Prof Wronski, Ms Hurlock, and Chris Nolan at the JCU Medial School interviews in Toronto on June 8.

James Cook University Deputy Vice Chancellor Tropical Health and Medicine Professor Ian Wronski and Associate Faculty Registrar Ms Sandra Hurlock were recently in Canada to meet with students interested in studying medicine, dentistry, pharmacy, and other health sciences at JCU.

When speaking with OzTREKK Director and Marketing Manager Chris Nolan, Prof Wronski explained why JCU concentrates on rural, remote and tropical health care.

“JCU was established as Australia’s university for the tropics, and so we focus on programs that are particularly relevant to the tropical world,” Prof Wronski said.

“In the medicine, health, molecular science part of the university—that includes all the health professions and molecular biology and biomedicine, and the research institutes we have—we’ve particularly targeted issues relating to under-served populations, especially rural, remote, indigenous and tropical peoples.”

Tropical peoples? How does that relate to Canada? When speaking about Canada, most people think snow, not tropics.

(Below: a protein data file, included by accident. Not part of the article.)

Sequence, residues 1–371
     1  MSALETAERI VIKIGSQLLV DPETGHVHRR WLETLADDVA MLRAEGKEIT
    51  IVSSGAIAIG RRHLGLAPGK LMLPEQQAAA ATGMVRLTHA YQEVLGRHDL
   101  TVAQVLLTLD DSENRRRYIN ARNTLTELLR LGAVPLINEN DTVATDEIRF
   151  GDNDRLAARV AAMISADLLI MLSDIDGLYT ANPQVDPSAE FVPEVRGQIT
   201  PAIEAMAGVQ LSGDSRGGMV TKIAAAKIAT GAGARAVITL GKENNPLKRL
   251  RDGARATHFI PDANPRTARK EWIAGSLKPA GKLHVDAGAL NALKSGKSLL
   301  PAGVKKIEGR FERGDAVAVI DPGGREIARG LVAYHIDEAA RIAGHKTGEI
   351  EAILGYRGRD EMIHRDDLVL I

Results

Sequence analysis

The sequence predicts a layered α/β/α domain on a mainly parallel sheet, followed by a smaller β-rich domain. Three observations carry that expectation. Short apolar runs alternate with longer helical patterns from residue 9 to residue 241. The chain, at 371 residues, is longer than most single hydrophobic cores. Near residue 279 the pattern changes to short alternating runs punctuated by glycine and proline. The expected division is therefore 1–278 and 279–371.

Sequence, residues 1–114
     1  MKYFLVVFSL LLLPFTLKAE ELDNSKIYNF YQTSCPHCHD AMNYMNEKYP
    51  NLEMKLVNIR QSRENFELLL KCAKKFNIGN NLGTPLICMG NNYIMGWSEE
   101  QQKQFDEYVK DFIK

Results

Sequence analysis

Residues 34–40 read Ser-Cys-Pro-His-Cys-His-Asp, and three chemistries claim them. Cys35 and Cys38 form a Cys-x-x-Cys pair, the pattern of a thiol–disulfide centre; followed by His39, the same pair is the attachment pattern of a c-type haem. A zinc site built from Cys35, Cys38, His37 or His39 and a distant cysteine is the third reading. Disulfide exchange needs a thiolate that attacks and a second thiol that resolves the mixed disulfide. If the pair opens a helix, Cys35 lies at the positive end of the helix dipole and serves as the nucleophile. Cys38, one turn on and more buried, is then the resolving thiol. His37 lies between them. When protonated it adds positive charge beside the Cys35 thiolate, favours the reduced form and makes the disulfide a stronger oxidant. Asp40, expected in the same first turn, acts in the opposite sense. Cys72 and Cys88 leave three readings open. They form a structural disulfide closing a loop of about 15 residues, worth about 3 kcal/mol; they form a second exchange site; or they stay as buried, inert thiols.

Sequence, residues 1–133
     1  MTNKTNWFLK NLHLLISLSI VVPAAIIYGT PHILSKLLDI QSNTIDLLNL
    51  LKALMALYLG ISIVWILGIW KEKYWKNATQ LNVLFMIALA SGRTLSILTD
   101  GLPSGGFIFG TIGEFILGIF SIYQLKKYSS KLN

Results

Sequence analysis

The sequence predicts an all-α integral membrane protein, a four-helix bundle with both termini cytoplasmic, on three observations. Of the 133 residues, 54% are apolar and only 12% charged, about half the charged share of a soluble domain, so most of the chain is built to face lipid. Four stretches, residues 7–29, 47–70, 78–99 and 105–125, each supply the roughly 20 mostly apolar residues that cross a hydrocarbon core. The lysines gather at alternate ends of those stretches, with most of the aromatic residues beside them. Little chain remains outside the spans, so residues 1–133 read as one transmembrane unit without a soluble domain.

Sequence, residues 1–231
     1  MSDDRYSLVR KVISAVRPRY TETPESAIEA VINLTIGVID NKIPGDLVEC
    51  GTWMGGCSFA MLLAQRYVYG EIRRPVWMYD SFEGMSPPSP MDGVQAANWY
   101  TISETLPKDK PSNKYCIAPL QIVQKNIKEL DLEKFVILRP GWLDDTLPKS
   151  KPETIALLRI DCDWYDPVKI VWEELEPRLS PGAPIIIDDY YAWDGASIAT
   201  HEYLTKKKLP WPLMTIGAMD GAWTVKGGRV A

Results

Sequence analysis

But the connection between Australia and Canada is stronger than you may think.

In fact, in 2013, JCU Medical School Dean and Head of School Richard Murray travelled to Canada as a member of an Australian government delegation at a Canadian-Australian roundtable on recognition of professional credentials between the two countries.

Dean Murray made a case for why Canada and Australia should collaborate our shared interest in health care innovation to meet the needs of our geographically dispersed populations. Prof Murray said that the opportunities this creates for Australian and Canadian practitioners to gain experience in each other’s countries could only benefit the quality and depth of rural medical services.

“In medicine for rural areas, there are opportunities for movement and exchange for students, doctors in training as well as specialists in rural general practice and other generalist specialties. Innovation in areas such as telemedicine and socially accountable health professional education are shared interests,” Prof Murray wrote in an article he published in the JCU Medical School’s journal, A Taste of our own Medicine.

Prof Wronski said there are many countries in a similar position to Australia, including Canada. Like Australia, our population is concentrated on the fringes of the country, where the climate is most ideal and the land most usable. But where people live in rural and Northern Canada, away from the general population, finding health care can be more challenging—just like the people in remote and tropical locations of Australia.